Hypertrophy Basics

Setting Calories & Macros

Valentin Tambosi
Hypertrophy Basics

Overview

We’ll start with something I see people mess up all the time: setting your caloric and macronutrient intake based on your goal. 

When you’re finished reading this email you’ll know how to do exactly that. It’ll be simple and straightforward. All you need is your phone’s calculator. It literally will take you less than 2 minutes what other people spend way more time on. Or no time at all, which hurts their progress in the long run. Knowing how much energy (food) you put in your body is crucial. Tracking your intake is never going to be perfectly accurate down to the last gram, but it will give you valuable information about how your body reacts to a certain amount of calories and macronutrients. Track your intake by using a tracking app like MyFitnessPal. There are others out there but I recommend this one because it’s food database is gigantic.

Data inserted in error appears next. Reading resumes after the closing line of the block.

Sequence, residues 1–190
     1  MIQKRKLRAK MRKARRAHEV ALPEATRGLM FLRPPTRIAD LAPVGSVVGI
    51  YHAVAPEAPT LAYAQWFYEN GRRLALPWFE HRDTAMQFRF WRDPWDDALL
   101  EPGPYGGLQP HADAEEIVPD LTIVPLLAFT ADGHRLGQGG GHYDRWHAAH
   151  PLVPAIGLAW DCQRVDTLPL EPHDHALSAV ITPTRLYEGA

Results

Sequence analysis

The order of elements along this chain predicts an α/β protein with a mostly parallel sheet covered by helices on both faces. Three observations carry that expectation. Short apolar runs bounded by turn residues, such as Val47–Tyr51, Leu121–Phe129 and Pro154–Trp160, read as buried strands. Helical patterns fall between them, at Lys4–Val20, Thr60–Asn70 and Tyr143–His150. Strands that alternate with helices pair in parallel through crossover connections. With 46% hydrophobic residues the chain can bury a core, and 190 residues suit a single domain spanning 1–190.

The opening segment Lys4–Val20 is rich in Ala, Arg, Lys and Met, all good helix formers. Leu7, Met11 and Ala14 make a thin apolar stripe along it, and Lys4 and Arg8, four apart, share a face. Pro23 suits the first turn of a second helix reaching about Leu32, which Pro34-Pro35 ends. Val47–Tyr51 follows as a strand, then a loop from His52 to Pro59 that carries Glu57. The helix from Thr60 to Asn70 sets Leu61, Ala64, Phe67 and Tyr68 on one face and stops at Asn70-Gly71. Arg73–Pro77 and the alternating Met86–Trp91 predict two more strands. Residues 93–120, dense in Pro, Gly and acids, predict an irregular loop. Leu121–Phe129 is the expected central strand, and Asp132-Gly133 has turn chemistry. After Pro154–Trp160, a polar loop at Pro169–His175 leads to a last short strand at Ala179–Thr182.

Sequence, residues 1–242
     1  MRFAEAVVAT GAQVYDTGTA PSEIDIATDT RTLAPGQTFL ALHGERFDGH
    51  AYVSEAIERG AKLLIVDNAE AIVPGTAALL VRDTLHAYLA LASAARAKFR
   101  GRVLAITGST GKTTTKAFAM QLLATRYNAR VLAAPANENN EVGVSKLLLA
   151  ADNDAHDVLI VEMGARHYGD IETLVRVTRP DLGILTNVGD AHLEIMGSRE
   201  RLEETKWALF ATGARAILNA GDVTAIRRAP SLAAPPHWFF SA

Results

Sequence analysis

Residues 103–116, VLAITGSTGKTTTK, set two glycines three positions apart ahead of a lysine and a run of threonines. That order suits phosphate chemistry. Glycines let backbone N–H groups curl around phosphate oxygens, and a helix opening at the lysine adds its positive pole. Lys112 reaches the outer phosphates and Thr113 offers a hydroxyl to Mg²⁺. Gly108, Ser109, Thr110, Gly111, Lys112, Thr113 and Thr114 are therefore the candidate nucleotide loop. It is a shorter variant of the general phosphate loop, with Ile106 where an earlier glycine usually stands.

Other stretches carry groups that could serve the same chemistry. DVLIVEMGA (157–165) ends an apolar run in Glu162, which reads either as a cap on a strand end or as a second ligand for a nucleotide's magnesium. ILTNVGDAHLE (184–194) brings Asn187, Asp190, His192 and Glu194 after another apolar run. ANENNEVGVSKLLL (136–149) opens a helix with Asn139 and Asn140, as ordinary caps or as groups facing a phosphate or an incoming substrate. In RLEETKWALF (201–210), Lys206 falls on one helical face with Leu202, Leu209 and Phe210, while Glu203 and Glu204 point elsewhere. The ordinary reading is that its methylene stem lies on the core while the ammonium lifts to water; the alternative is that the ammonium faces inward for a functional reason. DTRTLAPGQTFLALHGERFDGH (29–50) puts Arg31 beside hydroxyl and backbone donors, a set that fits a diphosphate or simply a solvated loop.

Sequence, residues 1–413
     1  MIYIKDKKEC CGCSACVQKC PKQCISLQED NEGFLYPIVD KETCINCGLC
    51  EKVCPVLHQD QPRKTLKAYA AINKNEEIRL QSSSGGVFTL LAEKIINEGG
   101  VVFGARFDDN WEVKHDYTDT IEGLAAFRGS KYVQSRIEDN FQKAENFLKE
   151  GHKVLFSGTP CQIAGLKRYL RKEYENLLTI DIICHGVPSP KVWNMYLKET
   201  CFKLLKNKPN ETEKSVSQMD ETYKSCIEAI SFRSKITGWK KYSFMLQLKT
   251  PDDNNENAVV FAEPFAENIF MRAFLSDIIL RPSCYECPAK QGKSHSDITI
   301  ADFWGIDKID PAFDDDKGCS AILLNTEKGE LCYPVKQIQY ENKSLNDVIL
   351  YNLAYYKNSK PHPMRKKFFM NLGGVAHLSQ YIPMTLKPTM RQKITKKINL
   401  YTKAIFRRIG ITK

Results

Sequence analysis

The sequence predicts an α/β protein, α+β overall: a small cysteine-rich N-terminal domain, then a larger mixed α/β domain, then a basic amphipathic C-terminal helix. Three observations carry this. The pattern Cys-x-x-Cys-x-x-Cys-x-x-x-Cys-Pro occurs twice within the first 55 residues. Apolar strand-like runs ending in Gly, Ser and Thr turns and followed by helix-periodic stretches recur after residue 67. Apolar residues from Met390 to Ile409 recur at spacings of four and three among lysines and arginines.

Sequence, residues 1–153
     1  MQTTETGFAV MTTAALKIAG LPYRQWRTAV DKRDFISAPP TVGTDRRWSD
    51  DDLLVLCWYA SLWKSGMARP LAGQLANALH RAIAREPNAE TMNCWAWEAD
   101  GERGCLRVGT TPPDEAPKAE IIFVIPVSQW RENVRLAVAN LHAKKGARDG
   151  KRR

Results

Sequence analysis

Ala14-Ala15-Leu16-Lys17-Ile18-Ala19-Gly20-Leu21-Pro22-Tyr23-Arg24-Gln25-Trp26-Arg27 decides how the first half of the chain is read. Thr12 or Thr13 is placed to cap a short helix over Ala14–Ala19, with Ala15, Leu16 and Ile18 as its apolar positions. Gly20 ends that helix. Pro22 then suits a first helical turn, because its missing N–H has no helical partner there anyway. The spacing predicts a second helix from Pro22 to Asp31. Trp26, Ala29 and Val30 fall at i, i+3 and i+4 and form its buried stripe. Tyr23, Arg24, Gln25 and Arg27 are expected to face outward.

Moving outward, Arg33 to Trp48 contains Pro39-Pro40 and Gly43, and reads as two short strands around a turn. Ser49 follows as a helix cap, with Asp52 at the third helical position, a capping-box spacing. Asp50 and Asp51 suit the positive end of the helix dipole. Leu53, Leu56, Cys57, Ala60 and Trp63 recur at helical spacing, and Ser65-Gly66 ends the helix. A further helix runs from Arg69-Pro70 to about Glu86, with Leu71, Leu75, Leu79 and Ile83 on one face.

Before we get to it, keep the following things in mind:

Your body is a dynamic system that’s constantly changing based on its surroundings, your stress level, activity, hormone levels and numerous other variables. 

Setting your calories and macros is not a one-time deal.